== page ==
Are you one of those who fears a next rise in your rent? Would you like to know when, how much and how can it be? Here are the answers
The effervescence in the prices of rental apartments makes many tenants think about when, how much and how they will raise their rent. Can the landlord raise the price whenever he wants? Should he do it according to some rule? .. The best thing is that our lawyer and expert of The Community, Pedro Hernández del Olmo, take us out of doubt.
There are our questions and their answers. All yours.
Can the landlord raise the rent at any time because the rentals in the area are going up?
It is worth making a point: In Spain the erratic legislation that we have suffered in terms of urban leases, has produced some false opinions that should be dismantled. On the one hand, the tenant who thinks that since he has been living in a house for ten years has acquired rights over it, on the other hand the landlord believes that the current legislation allows him to modify the economic conditions of the lease when he pleases.
With that premise, the answer to that question must be negative. The increase in rents in the area is not a legal reason that allows the landlord to raise his to adapt it to the market price, he must abide by the contract he has signed, under the principle pacta sunt servanda, the agreements have to be respected.
Different issue is the power that the law grants, both to the landlord and the tenant, to update the rent in each annuity of the contract. This update can be up or down.
When can the landlord raise the rent?
Clock on the beach
The landlord can increase the rent when the contract lasts its duration, that is, if you signed your contract before June 6, 2013 will be five years (or eight years if there has been an extension) and if you signed later it will be after three years (or the four if there has been an extension).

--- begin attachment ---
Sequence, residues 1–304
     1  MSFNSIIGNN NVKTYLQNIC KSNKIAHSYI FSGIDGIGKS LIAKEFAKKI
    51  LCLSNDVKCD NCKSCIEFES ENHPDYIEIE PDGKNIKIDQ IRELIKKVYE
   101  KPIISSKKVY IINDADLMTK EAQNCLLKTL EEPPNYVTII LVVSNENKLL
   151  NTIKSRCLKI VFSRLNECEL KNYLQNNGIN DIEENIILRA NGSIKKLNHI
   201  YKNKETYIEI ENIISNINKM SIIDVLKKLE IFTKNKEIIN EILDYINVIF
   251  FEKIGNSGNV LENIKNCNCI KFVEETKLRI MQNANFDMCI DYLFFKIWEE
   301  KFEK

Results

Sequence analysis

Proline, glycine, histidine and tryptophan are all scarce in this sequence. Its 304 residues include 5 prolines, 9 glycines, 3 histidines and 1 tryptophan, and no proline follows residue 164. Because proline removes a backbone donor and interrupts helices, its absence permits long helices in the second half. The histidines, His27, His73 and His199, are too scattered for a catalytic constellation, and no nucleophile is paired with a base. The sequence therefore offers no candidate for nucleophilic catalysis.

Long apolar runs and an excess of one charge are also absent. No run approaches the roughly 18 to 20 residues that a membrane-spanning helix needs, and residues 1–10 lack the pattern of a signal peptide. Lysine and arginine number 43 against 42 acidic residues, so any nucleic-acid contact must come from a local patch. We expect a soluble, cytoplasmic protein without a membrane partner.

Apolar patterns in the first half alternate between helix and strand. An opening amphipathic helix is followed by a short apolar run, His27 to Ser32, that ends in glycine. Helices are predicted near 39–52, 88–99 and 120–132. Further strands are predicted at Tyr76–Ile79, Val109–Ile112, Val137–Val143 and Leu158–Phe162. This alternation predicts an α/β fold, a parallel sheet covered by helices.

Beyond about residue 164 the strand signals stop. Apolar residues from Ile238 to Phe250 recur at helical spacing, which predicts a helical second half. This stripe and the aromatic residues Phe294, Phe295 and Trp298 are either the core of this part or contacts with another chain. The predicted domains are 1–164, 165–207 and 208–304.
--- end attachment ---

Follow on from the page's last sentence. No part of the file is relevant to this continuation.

Actually it is not that 'raise the rent' is that a new contract is signed and the owner understands that you must ask for a higher amount for your home, regardless of whether the rents have increased or not.
Of course the tenant can accept that rise, try to negotiate to make it less 'steep' or look for another house. What will never be able to invoke that it takes I do not know how many years rented, paying religiously, to avoid that rent increase.
In addition, the landlord can update the rent each year according to the IPC, according to the Competitiveness Guarantee Index or according to what the landlord and tenant negotiated privately and has been reflected in the rental contract. Of course, it depends on when you have signed the rental agreement to apply one form or another of updating.
It is clear that everything said above does not affect the contracts called 'old rent' ie those signed before 1985 and those of the 'Boyer Decree' in which forced extension was agreed in favor of the tenant, in which the landlord can not go up rent, although you can update it according to the IPC.
How much can the landlord raise the rent?
On the one hand there is the 'rise' of the rent for a new contract, as we have said before, which will not be subject to any other criterion than the agreement reached by the landlord and tenant.
It seems however that the Government plans to enact measures against abusive rents, which is not good news, as in my opinion, this type of measure distorts the market producing more damage than benefits.
On the other hand there is the annual rental update that follows different criteria depending on the date of signing the contract:
A.- Before June 6, 2013: the rent can only be updated according to the variations of the General Consumer Price Indices (IPC) during the first five years. In the sixth year, the landlord can request an increase in rent as a condition to extend the contract for another three years, if it does not do so, the CPI will continue to apply during those years as well.
B.- As of June 6, 2013: landlord and tenant can freely agree how to do the annual rental update. If the contract does not include this agreement, the rent will be updated according to the General CPI.
C.- As of April 1, 2015: landlord and tenant can freely agree on how the rent is updated. If the rental agreement does not include that agreement then the rent can not be updated. If the contract does include updating the rent but it does not say how it should be done then the Competitiveness Guarantee Index is applied.
Can rent be lowered at any time, how and how much?
It has been relatively frequent that due to the 'real estate bubble' landlords have agreed to reduce the amount of rent in current contracts.
This is perfectly legal, however it is advisable, and